San Gimignano, a walking tour
Many of you know that Gina’s in Italy right now conducting a practice run for her upcoming wine tour business which she plans to begin next year. She’s reporting back with highlights of her trip so far …
Our first full day in San Gimignano included a nice walking tour of the medieval city. We were to meet our walking guide Gianni Stanghellini (www.walkabouttuscany.com) in the heart of San Gimignano at the Piazza della Cisterna at 11am. The walking tour was in two different parts, the first being a stroll through the city’s winding streets to learn of its history and importance at the height of its power. Then we would break for lunch at one of Gianni’s favorite eateries before heading outside the city walls along vineyards and quiet back roads. Sounded pleasant enough. When I called Gianni to confirm our tour, he was concerned the hike might be a little strenuous for some, and mentioned they could opt out after lunch or get a taxi along the path. This should have been a sign for us, but we all felt pretty fit and ready for a sun-drenched walk.
I recommend hiking up to the high point of San Gimignano for the panoramic view from La Rocca di Montestaffoli e Mura (fortress). On our way to the best viewpoint from the fort, we walked through a small olive grove, then a narrow, steep, stone staircase that opens up on to a platform. This was the place where the guards could spot their enemy and be best prepared to defend their city. For our group, it was a breathtaking view of the Elsa Valley and its endless hills. Gianni mentioned that San Gimignano was an important city with a flourishing economy in the Middle Ages. They were able to trade with neighboring cities thanks to the pilgrimage road called “Via Francigena” (which we were about to walk part of) that connected the city to Pisa and Siena.
We had one of the most amazing lunches at a small osteria called Locandi di Sant’ Agostino in Piazza Sant’ Agostino. Our table enjoyed a fresh fruit plate of melons, apples and apricots; panzanella salad, bruschetta and pici with wild boar sauce. Pici is a thick spaghetti-like pasta available only in a small part of Tuscany. It is the dish I miss and crave most when I’m in Seattle. We washed all this amazing food down with the local white wine, Vernaccia di San Gimignano, which is one of Tuscany’s oldest and most noble grapes. Some versions of Vernaccia (Tradizionale) are macerated for long lengths of time with its skin to draw out the most out of the grape. It can be full-bodied with a floral bouquet, but our bottle today was crisp, with light acidity and flavors of lemon rind and almonds (this style is Fiore).
If we had known what was ahead of us on part two of our walk, we might have re-considered the wine and amount of food we consumed at lunch (maybe we should have had more wine). I’m going to now refer to our “walk” as a hike, because it better describes our experience. We entered the hike on the Via Francigena, a dirt road that runs the perimeter of the hilly city walls. On this path were many vineyards and farmhouses with vistas of the valley. We were all giddy and in awe of the beauty, snapping pictures every few feet. “Oh no, now this is the best view of the town,” we would exclaim around each bend. Gianni visited with us answering questions about Italian culture, customs and history. For example bruschetta is pronounced “broo-ske-tah” never broosheta, also that the whole bread and olive oil dipping thing is American, and Italians only have bread with vegetables and meat and they never butter the bread. That would explain the looks whenever my brother-in-law asked for the customary treat before our meal (where’s the bread & olio? he would always wonder).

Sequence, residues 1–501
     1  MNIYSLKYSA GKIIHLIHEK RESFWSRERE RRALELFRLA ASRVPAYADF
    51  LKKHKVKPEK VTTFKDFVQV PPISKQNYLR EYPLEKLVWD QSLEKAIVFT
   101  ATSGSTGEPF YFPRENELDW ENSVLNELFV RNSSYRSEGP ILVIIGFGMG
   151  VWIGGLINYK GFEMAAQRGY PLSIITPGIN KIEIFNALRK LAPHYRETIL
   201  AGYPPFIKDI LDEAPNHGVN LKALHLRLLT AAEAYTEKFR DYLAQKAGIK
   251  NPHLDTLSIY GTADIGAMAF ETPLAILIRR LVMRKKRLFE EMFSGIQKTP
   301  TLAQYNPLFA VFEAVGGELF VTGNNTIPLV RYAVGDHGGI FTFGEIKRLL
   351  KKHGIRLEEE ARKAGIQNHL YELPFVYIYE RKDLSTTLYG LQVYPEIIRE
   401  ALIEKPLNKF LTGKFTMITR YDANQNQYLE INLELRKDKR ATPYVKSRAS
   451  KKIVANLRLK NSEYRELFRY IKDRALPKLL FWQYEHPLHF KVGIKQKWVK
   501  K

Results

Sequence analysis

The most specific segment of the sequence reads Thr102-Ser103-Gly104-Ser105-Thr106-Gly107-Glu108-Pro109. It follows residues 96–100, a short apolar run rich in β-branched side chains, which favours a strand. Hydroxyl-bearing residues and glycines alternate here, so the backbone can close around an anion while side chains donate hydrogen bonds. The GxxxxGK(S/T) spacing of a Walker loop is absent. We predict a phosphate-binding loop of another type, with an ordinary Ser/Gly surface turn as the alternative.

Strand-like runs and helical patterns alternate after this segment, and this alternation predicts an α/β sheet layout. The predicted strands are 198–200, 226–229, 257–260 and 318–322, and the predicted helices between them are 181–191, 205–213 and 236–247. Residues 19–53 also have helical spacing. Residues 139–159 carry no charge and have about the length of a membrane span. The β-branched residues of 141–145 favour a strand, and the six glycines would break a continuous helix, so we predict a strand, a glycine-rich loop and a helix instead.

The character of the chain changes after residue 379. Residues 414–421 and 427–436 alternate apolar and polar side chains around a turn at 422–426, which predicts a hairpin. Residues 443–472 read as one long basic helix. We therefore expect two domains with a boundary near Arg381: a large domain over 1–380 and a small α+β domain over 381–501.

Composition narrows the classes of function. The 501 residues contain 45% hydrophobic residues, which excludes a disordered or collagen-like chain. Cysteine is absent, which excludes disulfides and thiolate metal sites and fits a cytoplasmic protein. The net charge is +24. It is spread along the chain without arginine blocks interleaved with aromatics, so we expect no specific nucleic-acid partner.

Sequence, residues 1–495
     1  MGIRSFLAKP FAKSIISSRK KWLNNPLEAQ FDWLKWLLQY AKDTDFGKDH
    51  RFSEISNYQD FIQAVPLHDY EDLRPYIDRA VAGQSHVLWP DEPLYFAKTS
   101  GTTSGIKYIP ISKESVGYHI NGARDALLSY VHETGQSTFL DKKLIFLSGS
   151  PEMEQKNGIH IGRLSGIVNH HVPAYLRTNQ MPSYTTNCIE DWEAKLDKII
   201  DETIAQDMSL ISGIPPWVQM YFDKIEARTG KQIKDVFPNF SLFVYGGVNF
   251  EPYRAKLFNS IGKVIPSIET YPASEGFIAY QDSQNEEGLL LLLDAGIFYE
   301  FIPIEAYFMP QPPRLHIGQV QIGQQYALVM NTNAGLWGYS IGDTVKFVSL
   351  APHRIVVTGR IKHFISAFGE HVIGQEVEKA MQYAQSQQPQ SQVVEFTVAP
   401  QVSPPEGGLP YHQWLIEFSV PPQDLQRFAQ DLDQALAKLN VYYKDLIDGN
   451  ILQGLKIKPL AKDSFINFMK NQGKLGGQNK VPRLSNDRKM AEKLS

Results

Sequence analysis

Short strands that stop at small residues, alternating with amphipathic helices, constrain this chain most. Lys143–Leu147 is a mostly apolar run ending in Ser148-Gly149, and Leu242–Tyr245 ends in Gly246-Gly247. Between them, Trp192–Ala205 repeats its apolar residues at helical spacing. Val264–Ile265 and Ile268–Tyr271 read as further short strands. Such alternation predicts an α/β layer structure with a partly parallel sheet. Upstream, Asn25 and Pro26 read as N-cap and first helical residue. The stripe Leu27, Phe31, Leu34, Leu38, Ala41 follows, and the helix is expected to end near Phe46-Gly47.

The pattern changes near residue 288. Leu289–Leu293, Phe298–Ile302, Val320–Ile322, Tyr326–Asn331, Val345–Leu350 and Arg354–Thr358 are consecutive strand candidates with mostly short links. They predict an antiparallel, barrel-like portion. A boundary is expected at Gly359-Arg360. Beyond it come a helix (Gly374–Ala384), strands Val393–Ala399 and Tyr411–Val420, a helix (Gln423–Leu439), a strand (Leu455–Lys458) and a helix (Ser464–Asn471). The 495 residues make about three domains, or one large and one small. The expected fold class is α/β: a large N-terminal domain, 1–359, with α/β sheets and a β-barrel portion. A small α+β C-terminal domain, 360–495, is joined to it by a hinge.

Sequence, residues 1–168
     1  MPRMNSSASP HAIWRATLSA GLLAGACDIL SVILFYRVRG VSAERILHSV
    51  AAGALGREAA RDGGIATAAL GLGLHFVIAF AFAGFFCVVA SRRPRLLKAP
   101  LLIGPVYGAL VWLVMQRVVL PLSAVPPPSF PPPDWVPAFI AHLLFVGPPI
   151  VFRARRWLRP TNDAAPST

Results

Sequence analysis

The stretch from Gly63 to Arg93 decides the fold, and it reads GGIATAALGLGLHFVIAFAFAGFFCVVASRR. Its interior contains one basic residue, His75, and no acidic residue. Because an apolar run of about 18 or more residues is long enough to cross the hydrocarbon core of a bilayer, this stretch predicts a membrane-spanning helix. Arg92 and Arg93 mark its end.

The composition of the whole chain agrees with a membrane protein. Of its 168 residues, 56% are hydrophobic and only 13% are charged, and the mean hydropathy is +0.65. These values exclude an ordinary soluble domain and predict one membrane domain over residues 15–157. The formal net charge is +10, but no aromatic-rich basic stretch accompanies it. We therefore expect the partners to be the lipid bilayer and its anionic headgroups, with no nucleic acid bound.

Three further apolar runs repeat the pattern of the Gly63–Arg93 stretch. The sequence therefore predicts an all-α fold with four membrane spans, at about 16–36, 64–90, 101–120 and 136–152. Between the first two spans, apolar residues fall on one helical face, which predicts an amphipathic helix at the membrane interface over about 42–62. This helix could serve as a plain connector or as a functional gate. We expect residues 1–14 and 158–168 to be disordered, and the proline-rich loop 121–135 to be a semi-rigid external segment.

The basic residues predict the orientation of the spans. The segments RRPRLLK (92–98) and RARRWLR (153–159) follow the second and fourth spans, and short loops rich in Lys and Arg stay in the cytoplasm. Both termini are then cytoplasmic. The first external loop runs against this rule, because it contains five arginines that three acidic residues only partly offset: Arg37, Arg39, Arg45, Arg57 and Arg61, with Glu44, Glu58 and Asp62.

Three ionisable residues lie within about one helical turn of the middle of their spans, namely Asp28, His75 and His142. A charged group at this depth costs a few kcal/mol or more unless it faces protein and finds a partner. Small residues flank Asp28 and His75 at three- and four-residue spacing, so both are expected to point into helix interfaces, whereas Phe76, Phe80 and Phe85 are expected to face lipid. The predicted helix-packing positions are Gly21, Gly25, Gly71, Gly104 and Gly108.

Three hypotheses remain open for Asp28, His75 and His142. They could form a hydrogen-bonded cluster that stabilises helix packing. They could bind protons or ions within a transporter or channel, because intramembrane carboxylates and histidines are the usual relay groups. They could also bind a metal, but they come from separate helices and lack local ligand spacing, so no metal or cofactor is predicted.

After the first couple of kilometers, the hike soon became more grueling, especially with the 90 plus degree weather we were in. Flat dirt roads became uphill climbs and steep rocky descents with the Tuscan sun showing no mercy. Our main comfort was knowing that we were walking the same path as the ancient Etruscans and it sure beat our daily grind back home. We were not only loving the abuse, but we paid for it! Like Venice, I cannot explain in words the beauty we shared along our hike. In my 5 trips to Tuscany I was now seeing a whole different side of this province, and the whole group felt the same way. We struggled through the last hill, pushing ourselves up to the city walls to Porto San Giovanni gate, our final destination. We cheered each other on through sweat drenched clothes and panting gasps of air. What an amazing experience that was worth every step. We said our goodbyes to our wonderful guide Gianni and as we parted ways we promised him if he ever makes it to Seattle, we would treat him to a nice leisure hike up Mount Rainer. (Gianni resides in Siena, with over 10 years experience as a walking tour guide. He holds a PhD in Geology and teaches young kids about the environment in the off season).
More soon …
When I emailed Gina to see how their day ended, I got:
“We had arranged for an Italian cook to come to the Villa to do a 4 course for us. We were all so tired though, and still full from lunch, the dinner was a real blur. Except we had the best tiramisu of our lives. It was more like a merange/custard texture that had no shape on our plate, then dusted with high quality cacao. We all agreed it will be hard to go back to the traditional tiramisu we are accustomed to.”